Search engines constantly look for new signals they can use to improve the quality of the results they provide to users. Ultimately, user satisfaction is a critical component in retaining or increasing their market share, especially over the long term. Let's explore some of these new potential signals and the way search engines evaluate and make decisions to use a new signal.
Back in the days of AltaVista, search engines were keyword-centric. These were the days when spammers loaded meta tags with large number of keywords, and also used invisible text to jack up the perceived relevance and value of a search page.
Google drove the next generation with its link-centric algorithm. However, this algorithm was also attacked and manipulated by spammers. As Google tuned its link-based algorithm, however, they were still able to keep the impact of spam much lower than it was in the keyword-centric days of search.
All the search engines rely heavily on links today, and these will remain critically important for the future. However, the complexity of the link algorithms in use today far exceeds that of the original PageRank paper by Larry Page and Sergey Brin.
However, spammers still have an impact on search results. The search engines want to continue to reduce that impact as much as possible. To aid in this, they continue to evaluate new potential signals that can improve search quality while making life harder for spammers. When good ideas are found, they are implemented.
Page Load Time
Google engineer Matt Cutts discussed this factor at Pubcon in November. Cutts indicated that there is a strong movement within Google to make page load time a ranking factor because pages that load quickly improve the user experience.
Because that is the case, why not make it a ranking factor? Cutts indicated that Google could start using this within the next year.
In an interview with Josh Cohen of Google News, he indicated that click data is used as a ranking signal in Google News. In rough terms, the way that this would work is that Google knows what a normal distribution of clicks will be across the results.
Data leaked by AOL in 2006 suggested that the first result would get 42 percent of the clicks, the second would get 12 percent, the third would get 9 percent, the fourth result received 6 percent of the clicks, and so forth. But, if one particular result gets 10 percent in the fourth position instead of something closer to 6 percent, this could be a sign that the fourth result needs to move up in the SERP.
Cohen also indicated that Google News doesn't use links as a ranking factor. But if click data works in the Google News environment, it isn't a stretch to imagine that it would be helpful in Web search as well.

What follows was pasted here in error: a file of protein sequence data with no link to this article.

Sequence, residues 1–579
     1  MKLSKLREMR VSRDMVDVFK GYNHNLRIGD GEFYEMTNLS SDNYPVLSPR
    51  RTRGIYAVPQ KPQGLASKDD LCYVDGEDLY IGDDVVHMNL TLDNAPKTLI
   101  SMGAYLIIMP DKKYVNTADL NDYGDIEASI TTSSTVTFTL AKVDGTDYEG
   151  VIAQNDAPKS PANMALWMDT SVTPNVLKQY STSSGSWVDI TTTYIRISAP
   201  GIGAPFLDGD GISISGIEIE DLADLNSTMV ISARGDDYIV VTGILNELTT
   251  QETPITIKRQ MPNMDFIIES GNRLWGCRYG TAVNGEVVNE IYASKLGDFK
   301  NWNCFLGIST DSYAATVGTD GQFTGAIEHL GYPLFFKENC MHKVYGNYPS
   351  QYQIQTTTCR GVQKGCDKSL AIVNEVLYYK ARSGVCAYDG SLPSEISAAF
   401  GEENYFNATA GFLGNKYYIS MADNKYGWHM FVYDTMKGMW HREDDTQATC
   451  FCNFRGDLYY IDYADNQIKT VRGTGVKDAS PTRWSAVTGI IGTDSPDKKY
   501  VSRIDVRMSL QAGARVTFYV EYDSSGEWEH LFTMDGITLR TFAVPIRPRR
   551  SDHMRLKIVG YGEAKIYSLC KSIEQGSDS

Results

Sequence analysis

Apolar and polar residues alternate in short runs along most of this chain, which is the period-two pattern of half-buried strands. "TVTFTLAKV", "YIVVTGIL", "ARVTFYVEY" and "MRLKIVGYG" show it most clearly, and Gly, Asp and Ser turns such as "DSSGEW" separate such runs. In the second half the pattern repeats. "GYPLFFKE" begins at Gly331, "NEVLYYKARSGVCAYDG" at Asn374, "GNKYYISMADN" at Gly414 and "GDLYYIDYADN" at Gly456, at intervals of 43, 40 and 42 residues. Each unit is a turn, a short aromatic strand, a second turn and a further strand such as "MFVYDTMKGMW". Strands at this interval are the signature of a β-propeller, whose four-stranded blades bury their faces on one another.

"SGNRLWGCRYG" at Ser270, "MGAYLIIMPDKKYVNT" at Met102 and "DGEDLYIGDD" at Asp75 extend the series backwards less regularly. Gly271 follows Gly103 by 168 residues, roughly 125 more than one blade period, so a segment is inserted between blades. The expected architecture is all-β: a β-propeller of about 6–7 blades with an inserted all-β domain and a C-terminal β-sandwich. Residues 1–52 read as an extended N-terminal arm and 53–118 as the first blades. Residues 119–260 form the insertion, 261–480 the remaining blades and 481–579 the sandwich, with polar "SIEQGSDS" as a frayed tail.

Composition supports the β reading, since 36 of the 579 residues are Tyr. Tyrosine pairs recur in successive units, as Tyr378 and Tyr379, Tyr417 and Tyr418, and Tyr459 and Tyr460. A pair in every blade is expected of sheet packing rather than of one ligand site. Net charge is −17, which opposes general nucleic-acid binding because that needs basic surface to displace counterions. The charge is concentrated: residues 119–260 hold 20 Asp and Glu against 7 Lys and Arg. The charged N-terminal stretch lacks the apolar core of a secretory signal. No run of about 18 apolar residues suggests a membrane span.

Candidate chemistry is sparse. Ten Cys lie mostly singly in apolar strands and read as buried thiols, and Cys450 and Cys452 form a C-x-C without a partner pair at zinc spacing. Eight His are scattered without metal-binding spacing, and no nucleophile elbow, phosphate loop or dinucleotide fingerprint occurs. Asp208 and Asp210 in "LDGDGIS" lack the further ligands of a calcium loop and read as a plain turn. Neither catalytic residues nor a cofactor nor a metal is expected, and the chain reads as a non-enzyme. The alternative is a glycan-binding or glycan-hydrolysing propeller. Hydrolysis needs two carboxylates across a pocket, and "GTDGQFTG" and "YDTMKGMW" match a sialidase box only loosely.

It's well known that Google's Local Search results factor in Web references as a ranking factor. A Web reference is a mention of a business that isn't implemented as a link.
Web references count as votes in a manner similar to the way links are used. As with click data, it isn't a stretch that these could start to have some weight in search results.
Closely related to this is the treatment of nofollowed links. Just because a link has the nofollow attribute doesn't mean that it counts for absolutely nothing. Certainly, nofollow links in blog and forum comments will count for nothing. Nofollowed links that are implemented in something that looks like an ad will likewise pass no link juice.
However, other sites implement nofollow policies on all external links, such as many U.S. government sites. These sites are trying to identify resources that they consider valuable, even though they nofollow the links. The search engines could choose to associate some value with these links anyway. Remember, the goal is search quality.
What makes them interesting is the "freshness" of the signal. A surge of discussion on Twitter about some world event could indicate that the topic of the discussion is a hot story. The real-time responsiveness of these sites can provide a strong signal.
How and when search engines will use these signals isn't clear. Of course, the search engines will never spell it out for us.
An important goal for them is to reduce the impact of spam, and a lack of clarity about how they use the signals available to them helps their cause. Also, just because we can identify and talk about a potential signal doesn't mean it will be useful.
Search engines have to look at and evaluate its impact on the results. Certain types of signals are "noisy," meaning that they provide incomplete, inaccurate, or biased signals. For example, a Web site that is primarily used by one segment of the population (e.g., teenage girls) may have a lot of usage and present many signals that don't work well for retired people.
One key thing to take away from all this is their focus on user satisfaction. If you create a Web site that is useful to users, it's likely your site will emit many signals that tell the search engines that your site is a good result for users.
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